It’s great to tell someone that they can save 30 seconds searching for the best rate on their next flight, but if you can show the typical process side-by-side with your innovation, you can actually make them sit through those 30 seconds. It will be excruciating. They will buy your app.
If you decide to go with a more tangible benefit such as a discount code or a free trial, make it easy for the viewer to get. Put a clickable link right in your video.
Don’t tell them to go to another website (or do anything else at all). They won’t do it, and you’ll lose that opportunity. Keep it simple if you want your videos to convert leads.
5. Tell a story that engages the customer.
Think back to high school English class, when you learned about the components of a story—there’s an introduction, conflict, climax, and resolution. If you leave out any of these crucial parts, you’re left with a collection of sentences that have been smashed together for no apparent reason.
Not only should you tell a coherent story (and this will require some pre-planning, writing, and editing), but you should make sure it goes somewhere. A nice, tidy ending is great, but building suspense is better. Are you going to produce another video to continue the story? If so, why should your viewers be excited to watch it?
How to do it
You thought this would be all visuals? You’re going to have to write. If you don’t plan your story, it won’t materialize out of the ether. Make a plan for your video content, and look beyond video number one.
Rather than one explainer video, is your product suited to a series of instructional videos? Can you help people create something with your product? Break that “something” into pieces, and create a series of short videos.
You can even record the entire series in one go, and use an easy editing tool to break the footage out into logical sections. Keeping your audience waiting for more (as long as it’s great content) is an excellent way to stay top-of-mind.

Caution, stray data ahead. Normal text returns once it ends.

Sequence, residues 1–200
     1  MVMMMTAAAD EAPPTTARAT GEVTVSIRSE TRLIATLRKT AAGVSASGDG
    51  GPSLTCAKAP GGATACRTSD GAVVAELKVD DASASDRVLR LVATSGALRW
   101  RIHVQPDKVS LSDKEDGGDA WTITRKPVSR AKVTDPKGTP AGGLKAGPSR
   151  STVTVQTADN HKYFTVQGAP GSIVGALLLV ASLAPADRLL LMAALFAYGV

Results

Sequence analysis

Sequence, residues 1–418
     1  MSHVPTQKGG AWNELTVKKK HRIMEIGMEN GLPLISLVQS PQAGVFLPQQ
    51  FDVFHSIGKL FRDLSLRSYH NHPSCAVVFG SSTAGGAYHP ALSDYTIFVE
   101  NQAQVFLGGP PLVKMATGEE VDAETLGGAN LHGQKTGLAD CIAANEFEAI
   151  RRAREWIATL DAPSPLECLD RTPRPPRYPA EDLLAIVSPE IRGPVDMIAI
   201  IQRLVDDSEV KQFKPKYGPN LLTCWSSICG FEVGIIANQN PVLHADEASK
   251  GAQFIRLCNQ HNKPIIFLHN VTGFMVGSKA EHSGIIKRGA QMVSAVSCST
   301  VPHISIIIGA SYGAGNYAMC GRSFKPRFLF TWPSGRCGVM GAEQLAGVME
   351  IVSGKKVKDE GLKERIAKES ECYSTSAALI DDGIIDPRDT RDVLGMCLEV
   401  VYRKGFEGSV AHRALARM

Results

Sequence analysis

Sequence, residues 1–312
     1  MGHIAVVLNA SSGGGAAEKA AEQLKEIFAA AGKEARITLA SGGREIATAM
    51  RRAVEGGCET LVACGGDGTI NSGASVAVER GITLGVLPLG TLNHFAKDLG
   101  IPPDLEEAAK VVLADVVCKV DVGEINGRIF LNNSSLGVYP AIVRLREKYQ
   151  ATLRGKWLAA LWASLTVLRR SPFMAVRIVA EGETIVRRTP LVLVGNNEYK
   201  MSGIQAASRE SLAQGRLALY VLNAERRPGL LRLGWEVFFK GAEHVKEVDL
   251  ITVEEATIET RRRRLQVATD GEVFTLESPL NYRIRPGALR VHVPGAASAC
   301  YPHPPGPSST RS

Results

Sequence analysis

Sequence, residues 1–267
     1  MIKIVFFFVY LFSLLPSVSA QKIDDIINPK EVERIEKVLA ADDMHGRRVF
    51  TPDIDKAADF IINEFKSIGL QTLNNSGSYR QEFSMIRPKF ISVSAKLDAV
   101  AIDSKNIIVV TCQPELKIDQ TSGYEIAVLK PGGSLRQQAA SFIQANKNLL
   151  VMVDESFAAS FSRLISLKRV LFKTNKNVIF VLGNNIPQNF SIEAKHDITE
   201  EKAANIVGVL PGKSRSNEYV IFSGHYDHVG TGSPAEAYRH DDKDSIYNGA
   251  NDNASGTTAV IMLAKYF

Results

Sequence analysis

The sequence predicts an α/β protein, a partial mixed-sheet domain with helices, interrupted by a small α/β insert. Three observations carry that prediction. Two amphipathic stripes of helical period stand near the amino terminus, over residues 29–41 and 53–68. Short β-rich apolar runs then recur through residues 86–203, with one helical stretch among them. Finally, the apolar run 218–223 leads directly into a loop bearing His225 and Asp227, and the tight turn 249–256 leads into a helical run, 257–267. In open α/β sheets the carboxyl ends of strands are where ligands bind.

If you’re more of a storyteller, you can keep a video series looking cohesive (and cut down on your workload) by reusing clips.
Remind your viewers of the product benefits you explored last time, and build on the story you’ve already told. Just be sure to store your edited video somewhere safe—the cloud is your best bet—so you don’t have to repeat all your hard work each time you make a new video.
Even if your story doesn’t end at the end of the video, that chapter does. Make sure you leave your viewer with something concrete to do.
There should be a call-to-action at the end of every video, even if you set an expectation that another video will follow. You never know when a viewer will disengage from your content, so give them opportunities to become a customer or subscriber while you have their attention.
6. Title and promote the video.
You’ve created a great piece of video content that showcases your personality, explains what you’re doing, has a clear benefit, and tells a great story. What do you do next?
It's time to promote the heck out of it. We don’t have to tell you why you want to do this step. We do, however, want to help you do it well.